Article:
IT ONLY takes a minute to change the face of any match, and Nikos Dabizas proved it to prevent Middlesbrough from reclaiming their place among the group most seriously involved in the pursuit of the Premiership leaders, Aston Villa, yesterday.
Perhaps more in desperation than through any real sense of inspiration, Ruud Gullit, the Newcastle manager, invited the Greek defender to help save this North-east derby, allotting just seven minutes for the task.
In the event, Dabizas required just a fraction of the time. Sixty seconds after replacing Warren Barton, he met a delightful cross from Laurent Charvet with a spring-heeled jump to head Newcastle level.
Yet, surely, Bryan Robson, the Middlesbrough manager, should have known better than expect anything else from such a home-grown contest. In all previous Premiership meetings with Newcastle, numbering four, they have come off second best. So, perversely, this may have to be considered a minor triumph.
In any event, it was the price they had to pay for failing to make the most of their second-half scoring opportunities, which at least helped distinguish Steve Harper as a goalkeeper of genuine promise.
The fightback certainly heartened Gullit who maintained: "This is another step forward for us. Two weeks ago I don't think we would even have scored one goal."
Though Charvet played a more obvious part in saving Newcastle's day, scoring one and making the other, Harper, who was only playing because of an injury to the Republic of Ireland's Shay Given, produced a string of impressive saves. They bought this largely uninspiring Newcastle team some time and thanks to Dabizas they were able to use it.
For a time, it seemed that the two female streakers were the ones destined to take the eye when they arrived unannounced just after half-time. And while there are those who continue to maintain that Paul Gascoigne's levels of discipline remain a worry, he refused to be seduced when one of the space invaders set off in chase of him.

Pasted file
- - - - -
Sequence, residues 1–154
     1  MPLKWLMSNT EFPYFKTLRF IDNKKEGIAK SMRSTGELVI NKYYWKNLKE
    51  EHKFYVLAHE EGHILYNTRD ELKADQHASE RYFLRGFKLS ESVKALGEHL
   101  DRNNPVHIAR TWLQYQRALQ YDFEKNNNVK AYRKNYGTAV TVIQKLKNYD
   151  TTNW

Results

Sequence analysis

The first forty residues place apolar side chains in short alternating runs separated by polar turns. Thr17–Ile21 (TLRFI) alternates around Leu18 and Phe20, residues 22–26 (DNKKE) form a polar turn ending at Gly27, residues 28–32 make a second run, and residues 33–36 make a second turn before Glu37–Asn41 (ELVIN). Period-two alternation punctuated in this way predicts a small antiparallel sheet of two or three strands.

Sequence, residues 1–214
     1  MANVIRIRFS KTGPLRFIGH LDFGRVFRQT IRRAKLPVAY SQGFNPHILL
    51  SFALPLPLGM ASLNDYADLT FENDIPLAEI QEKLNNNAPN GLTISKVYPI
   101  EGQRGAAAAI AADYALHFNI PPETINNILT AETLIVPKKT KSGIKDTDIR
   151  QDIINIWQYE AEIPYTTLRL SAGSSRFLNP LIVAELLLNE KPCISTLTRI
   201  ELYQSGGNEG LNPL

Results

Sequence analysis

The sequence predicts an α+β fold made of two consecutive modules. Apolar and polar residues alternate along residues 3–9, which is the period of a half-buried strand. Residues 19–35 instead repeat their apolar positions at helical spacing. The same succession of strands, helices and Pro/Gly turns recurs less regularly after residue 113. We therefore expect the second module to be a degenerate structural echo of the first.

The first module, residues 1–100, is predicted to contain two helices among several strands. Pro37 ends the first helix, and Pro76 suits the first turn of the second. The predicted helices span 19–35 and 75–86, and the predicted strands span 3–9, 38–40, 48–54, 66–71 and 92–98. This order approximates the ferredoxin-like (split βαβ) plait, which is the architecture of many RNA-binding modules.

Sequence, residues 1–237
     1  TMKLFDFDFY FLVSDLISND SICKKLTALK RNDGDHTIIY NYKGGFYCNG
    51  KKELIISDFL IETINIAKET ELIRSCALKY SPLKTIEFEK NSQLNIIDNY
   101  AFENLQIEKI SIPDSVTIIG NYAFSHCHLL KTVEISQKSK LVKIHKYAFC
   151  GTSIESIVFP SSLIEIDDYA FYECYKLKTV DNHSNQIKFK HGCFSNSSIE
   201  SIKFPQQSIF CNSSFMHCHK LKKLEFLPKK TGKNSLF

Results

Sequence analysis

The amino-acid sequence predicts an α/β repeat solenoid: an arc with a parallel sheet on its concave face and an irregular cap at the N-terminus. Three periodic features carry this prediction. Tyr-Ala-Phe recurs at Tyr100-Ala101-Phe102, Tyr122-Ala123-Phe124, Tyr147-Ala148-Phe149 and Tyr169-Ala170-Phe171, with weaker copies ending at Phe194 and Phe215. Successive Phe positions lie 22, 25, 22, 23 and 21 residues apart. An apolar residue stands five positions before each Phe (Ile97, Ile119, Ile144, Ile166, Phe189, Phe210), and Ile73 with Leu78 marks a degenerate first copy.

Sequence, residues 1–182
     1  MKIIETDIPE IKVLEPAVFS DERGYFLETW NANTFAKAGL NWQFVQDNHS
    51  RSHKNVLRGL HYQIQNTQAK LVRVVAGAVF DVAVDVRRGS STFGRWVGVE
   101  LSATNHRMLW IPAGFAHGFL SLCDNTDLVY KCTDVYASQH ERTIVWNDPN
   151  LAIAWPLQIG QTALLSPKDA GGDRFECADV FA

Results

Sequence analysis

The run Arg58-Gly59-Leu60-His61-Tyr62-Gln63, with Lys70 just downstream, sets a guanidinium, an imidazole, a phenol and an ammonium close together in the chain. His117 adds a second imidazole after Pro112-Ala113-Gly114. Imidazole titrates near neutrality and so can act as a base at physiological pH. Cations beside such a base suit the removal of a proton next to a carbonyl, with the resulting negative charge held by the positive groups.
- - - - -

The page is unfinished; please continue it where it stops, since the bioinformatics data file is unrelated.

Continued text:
Gazza was autographing nothing, and simply ran for cover. If that was one surprise then the other was that in a stadium so recently constructed undersoil heating was not included amongst the facilities to help provide a more amenable surface. But then serious derby conflicts are meant to be jarring, bone hard affairs void of lasting subtlety. A perfect Riverside surface then.
Initially, Middlesbrough looked as though they had the necessary power and focus to make it a one-way affair, especially in view of Newcastle's frail travelling record. And when after a robust opening period they established a 17th-minute lead Gullit's dreadlocked hope of prolonging deadlock was in pieces.
Gascoigne, who conducted his pre-match warm-up routine in the company of his two-year-old son Regan, demonstrated that the quality time spent with family members had not been wasted.
It was Gascoigne's quite deliberately placed corner which found his intended target, Andy Townsend, in plenty of space 14 yards out. Townsend looked as though he had enough time to consult the match programme before leisurely placing his first goal of the season beyond Harper.
It was hardly the start Gullit wanted, scarcely the one Harper needed in this his first Premiership start. Yet any fears he had about what was to follow abated as Boro failed to build on their lead.
So it was of little surprise that Middlesbrough sacrificed their lead before the first half was over. No surprise, though, that the equaliser was not exactly the product of some fluent move. The nuts and bolts of it were far more common or garden, Middlesbrough making an awful meal of attempting to clear a Keith Gillespie corner. When, at the umpteenth attempt, Dean Gordon headed clear of his area, it was volleyed back spectacularly to give the French defender Charvet his first goal in the black and white of Newcastle.
The arrival of Stephen Glass, from the Newcastle bench, was designed to improve the service to Ferguson, but within 15 minutes of his arrival they were behind again to a scruffy sort of goal. Hamilton Ricard and Colin Cooper were behind the thrust and though Aaron Hughes got half a block on Cooper's shot the deflection served only to limit Harper's saving possibilities.
Not that he could be criticised having earlier performed minor wonders to deny Brian Deane and Townsend of goals - and ultimately that helped Newcastle save the match.
Goals: Townsend (13) 1-0; Charvet (38) 1-1; Cooper (59) 2-1; Dabizas (83) 2-2.
Middlesbrough (3-5-2): Schwarzer; Vickers, Cooper, Pallister; Fleming, Mustoe, Gascoigne (Stamp, 84), Townsend, Gordon; Ricard, Deane (Beck, 87). Substitute not used: Roberts (gk).
Newcastle United (4-4-2): Harper; Charvet, Hughes, Howey, Barton (Dabizas, 82); Gillespie, Lee, Speed, Solano (Glass, 45); Andersson (Dalglish, 76), Ferguson. Substitutes not used: Hamann, Perez (gk).
Referee: U Rennie (Sheffield).
Bookings: Middlesbrough: Vickers.
Man of the match: Harper.
Attendance: 34,629.Reuse content